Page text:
Looking for new potato varieties


#1

Planning ahead for next spring’s garden, and I’d like to try a few new varieties of potatoes. Pretty much limited to early varieties due to our short growing season here.

There are a few interesting ones I see in the catalogs and was hoping to get some feedback on them from the folks here. Anyone have any experience with Purple Viking, Mountain Rose or Red Gold potatoes; what did you think of them? Any other early varieties you like?


#2

Hi Steve - My season is usually plant mid May and harvest early to mid October. I think most of my varieties are mid-season but I’ve found what matters most for me is if they bulk up early, no matter what category they are in because we have significant blight issues. If they bulk early I get a crop even if the plants die of blight later.

I’ve grown Purple Viking for 8 yrs; it’s a decent potato but is up and down for me as far as yields. It tends toward growth cracks and blight for me but I’ve kept growing it because it usually has decent yields and I like the potato. Attractive, too. But it’s not in the top tier.

My favorite and most reliable is Jogeva Yellow Estonian. Been growing that for 20 yrs but I’m not sure how available it is.

Sangre is my best red (since 2010).

My most interesting is Blue-Eyed Catriona, an old variety I’ve been growing for 15 yrs. My plants are highly variable as far as blight; I’ll have complete early dieout to some of the latest to get blight. It often gives many small spuds, but the overall yield is almost always one of the best because it sets early. It’s my favorite flavor wise, too. It’s probably in the early category because it’s not the best keeper.

A new one for me, Elba, has grown well and with good yields the past 2 yrs.

Others have come and gone over the years but it’s always nice to try some new ones. I try to limit mine to ten. Fun this time of year to think of planting! Sue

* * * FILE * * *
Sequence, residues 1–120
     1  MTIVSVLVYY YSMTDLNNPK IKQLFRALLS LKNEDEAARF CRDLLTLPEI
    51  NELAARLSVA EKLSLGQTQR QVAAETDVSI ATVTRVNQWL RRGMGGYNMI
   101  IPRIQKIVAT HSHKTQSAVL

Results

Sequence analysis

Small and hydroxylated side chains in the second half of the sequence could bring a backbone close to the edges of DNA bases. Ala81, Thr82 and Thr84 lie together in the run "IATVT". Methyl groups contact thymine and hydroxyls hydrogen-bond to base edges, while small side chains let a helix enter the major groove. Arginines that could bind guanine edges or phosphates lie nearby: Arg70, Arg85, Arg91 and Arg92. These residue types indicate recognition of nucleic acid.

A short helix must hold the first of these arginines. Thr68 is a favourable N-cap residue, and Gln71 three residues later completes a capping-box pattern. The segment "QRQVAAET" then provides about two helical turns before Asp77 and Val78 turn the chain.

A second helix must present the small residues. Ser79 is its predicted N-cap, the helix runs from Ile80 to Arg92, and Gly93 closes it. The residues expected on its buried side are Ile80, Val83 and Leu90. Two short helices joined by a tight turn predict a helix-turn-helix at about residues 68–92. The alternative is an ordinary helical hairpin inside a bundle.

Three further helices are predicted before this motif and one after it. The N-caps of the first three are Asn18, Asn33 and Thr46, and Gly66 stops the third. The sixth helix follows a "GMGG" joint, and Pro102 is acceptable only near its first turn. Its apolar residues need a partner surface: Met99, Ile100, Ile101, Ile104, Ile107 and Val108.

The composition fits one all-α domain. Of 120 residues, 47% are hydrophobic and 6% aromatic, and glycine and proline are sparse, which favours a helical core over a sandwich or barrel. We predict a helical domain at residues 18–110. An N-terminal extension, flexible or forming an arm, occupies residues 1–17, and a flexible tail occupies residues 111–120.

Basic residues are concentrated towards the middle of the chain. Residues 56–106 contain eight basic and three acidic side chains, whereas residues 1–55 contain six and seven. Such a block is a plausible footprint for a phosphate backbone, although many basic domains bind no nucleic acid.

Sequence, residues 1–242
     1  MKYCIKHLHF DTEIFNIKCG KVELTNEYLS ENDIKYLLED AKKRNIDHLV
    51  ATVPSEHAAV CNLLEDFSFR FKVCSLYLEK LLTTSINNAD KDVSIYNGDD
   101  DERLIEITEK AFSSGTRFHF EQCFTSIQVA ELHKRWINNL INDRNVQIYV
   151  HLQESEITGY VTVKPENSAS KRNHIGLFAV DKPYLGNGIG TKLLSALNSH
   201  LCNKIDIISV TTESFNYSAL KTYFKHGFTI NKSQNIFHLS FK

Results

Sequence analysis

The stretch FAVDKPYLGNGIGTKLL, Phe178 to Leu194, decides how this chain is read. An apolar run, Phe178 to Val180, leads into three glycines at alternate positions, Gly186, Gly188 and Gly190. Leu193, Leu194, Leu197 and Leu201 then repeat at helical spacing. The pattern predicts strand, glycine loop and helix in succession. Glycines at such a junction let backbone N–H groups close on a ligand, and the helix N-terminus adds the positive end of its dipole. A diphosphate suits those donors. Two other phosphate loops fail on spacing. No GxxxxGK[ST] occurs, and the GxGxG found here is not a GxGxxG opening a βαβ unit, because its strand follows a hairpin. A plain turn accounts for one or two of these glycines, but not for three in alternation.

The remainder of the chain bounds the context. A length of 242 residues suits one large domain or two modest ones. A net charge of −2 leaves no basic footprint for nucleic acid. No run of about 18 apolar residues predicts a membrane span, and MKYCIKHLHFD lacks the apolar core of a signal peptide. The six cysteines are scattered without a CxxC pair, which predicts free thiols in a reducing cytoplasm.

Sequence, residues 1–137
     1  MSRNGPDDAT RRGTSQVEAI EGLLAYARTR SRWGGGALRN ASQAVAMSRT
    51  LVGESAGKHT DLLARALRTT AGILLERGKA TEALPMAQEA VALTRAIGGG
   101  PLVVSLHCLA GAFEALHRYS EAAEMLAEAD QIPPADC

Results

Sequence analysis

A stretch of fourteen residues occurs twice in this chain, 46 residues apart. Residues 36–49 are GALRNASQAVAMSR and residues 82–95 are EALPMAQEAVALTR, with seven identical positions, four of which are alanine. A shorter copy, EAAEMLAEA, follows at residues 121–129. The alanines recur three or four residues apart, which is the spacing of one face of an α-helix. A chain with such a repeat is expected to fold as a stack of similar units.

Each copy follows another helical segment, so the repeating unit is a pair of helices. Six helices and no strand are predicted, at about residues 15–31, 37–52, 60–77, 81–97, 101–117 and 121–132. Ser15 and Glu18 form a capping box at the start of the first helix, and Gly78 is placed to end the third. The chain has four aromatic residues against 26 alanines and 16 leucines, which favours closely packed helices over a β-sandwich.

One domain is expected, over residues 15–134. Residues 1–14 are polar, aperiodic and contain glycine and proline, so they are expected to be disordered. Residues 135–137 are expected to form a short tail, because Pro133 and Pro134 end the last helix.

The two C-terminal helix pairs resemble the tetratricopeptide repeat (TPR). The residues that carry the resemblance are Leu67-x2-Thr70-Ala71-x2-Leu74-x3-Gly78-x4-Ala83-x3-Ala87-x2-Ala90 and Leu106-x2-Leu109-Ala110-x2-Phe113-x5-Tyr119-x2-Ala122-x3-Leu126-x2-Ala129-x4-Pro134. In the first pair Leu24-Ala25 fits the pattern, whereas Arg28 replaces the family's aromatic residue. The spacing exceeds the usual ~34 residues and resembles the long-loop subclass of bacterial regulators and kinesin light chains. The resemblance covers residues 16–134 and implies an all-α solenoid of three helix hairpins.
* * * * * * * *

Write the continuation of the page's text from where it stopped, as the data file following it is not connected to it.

#3

I’ve grown Purple Viking and Mountain Rose. I love the skin color of purple viking. In the past three years I’ve grown it, I’ve gotten a good harvest off of it, except for last year. Complete crop failure last year, but that might have been because it was unusually wet for my region last spring. It has beautiful skin coloring, and it throws a couple small potatoes and one big lunker I like using for home fries. But that might be due to how I cut the eyes. I’d grow it again if I could, but the suppliers I get seed potatoes from aren’t carrying it this year, so my garden will be sadly deficient.
I like Mountain Rose too, though I’ve only grown it one year. It didn’t produce as many as other varieties and the potatoes were smaller. Odd too, was most of them were very near the tap root. It didn’t travel much. It kept the color when cooked though. I’ve switched to Red Thumb fingerling instead. More production, has some reddish color and better taste. I like the size and shape better too. I’d grow Mountain Rose again though.
You’re looking at the Gurney’s catalogue, aren’t you?

Edit: Another thought, if you want something truly novel, try growing potatoes from seed. I’m playing with that this year.


#4

I grew caribe one year and liked it quite a lot. It was sort of like red skin potatoes in terms of flavor and use for me, since although it is purple on the outside it is white inside - not purple throughout. It is a very early potato.
https://www.mainepotatolady.com/productcart/pc/viewCategories.asp?idCategory=15


#5

Thanks for the feedback.

LOL Yes I was looking at the Gurneys catalog, although I have looked elsewhere too. Gurney just seemed to have several early varieties which sounded interesting. But I’d be open to other sellers too.

And I have grown potato from seed I collected, from some Yukon Gold volunteers which produced very well. Still an option but was looking to expand the varieties some.


#6